I am proud to take part in this debate today. I would like to commend not only Lord Berkeley in the other place and my hon. Friend Zac Goldsmith for the work that they are doing, but the Government for realising that legislation in this place can be improved and that FGM has absolutely no place in society. We have a great deal of legislation in place at the moment to try to prevent FGM, but it is not working as well as it should. I am proud to take part in a debate where that is acknowledged. I am proud, too, that we are supporting those who, clearly, have done a huge amount of work to identify ways in which we can improve the legislation on our statute books. Making existing legislation more effective by enabling care orders to be issued in connection with girls who are at risk of FGM will help to save some girls. It will also help to outlaw this abhorrent practice in some communities. As hon. Members said earlier in this debate, the number of Members who are here this evening shows the strength of feeling on this issue across the House.
The Bill in front of us today comes at a timely point, following as it does the first conviction in the UK for female genital mutilation. I applaud the Government for being so gracious with their support for this Bill. I am sure the Minister will come on to talk about that later. FGM has been illegal in the UK since the Prohibition of Female Circumcision Act 1985, which was then replaced by the Female Genital Mutilation Act 2003, and extended by the Serious Crime Act 2015. Successive Governments of all colours have wanted to try to act on this issue, but today’s Bill shows that we have not gone far enough and that we do need to go further, and I hope that it enjoys wholehearted support across the House.
If we are to have really effective legislation, then as legislators we should acknowledge that law alone is not enough and that there is a much broader context: how society views these issues; how our schools deal with things such as relationships and sex education; and how the Government put this issue into a much broader strategy of violence against women and girls. We should be encouraged by the current situation where, as has been said, we have not only relationships and sex education, but, for the first time in more than a decade and a half, guidance on how an issue such as female genital mutilation should be dealt with in our schools. The small point I would make is that it is not enough to have guidance and to make it mandatory that schools deal with the issue; we have to make sure that it is being implemented in practice on the ground.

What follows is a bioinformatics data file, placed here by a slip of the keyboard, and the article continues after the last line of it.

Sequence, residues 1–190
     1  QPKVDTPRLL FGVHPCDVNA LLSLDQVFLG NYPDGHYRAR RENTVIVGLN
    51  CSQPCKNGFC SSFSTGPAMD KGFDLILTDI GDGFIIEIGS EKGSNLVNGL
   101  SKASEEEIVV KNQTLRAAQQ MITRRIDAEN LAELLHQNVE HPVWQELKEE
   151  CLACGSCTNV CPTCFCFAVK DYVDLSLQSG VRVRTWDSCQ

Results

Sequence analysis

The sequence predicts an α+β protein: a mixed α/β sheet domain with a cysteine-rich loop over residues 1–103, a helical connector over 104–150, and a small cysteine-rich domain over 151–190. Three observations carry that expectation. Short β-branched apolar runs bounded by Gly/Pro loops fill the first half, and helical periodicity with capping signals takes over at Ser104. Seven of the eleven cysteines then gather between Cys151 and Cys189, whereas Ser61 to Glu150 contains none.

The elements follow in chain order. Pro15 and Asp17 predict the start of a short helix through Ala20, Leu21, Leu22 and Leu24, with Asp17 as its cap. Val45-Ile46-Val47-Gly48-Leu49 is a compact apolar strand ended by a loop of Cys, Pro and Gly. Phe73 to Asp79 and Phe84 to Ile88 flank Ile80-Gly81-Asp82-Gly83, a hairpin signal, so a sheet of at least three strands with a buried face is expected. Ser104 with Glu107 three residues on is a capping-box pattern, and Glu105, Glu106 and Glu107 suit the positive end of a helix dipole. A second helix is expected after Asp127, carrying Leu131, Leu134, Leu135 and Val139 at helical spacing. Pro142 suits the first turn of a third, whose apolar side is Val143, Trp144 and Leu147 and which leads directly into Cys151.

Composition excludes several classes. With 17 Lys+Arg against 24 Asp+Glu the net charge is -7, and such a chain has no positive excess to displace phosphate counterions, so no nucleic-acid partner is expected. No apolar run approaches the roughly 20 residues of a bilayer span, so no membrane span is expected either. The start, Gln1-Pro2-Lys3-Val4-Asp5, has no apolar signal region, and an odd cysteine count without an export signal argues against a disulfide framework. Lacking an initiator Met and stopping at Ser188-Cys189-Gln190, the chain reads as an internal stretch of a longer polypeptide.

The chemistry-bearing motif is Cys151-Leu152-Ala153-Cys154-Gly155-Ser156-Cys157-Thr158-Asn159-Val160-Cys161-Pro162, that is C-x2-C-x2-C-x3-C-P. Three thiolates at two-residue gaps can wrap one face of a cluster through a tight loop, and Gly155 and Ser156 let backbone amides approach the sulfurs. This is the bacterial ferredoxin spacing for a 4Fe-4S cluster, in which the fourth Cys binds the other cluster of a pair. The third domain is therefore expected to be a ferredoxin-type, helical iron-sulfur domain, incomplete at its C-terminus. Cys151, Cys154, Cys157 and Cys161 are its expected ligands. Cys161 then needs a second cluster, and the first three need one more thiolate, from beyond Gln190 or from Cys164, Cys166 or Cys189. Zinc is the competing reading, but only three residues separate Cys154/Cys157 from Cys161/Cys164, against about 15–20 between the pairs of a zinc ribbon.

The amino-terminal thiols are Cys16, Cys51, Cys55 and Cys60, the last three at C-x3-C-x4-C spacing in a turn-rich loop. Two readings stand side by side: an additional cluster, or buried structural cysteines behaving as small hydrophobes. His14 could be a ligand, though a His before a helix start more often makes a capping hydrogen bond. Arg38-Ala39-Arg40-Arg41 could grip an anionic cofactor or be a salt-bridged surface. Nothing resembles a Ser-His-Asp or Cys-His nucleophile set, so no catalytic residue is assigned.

These are not easy issues for schools to deal with, and sometimes they can get the wrong message from this place—for example, that schools can allow parents to withdraw their children from such lessons. That is a “get out of jail free” card in communities where these issues are difficult, and we cannot send that message out from this debate today. We must not only encourage schools to engage with parents on the issue of FGM, but ensure that they are doing so. It is important that schools ensure that parents do not withdraw their children from relationships and sex education. We need to do all we can to ensure that schools see their responsibility in this area. It is, of course, right that we not only give parents the respect that they deserve in terms of their views on relationships and sex education, but respect the rights of children to get the education that they need to live in a modern society, and that must include understanding the appalling impact that FGM can have on women’s lives.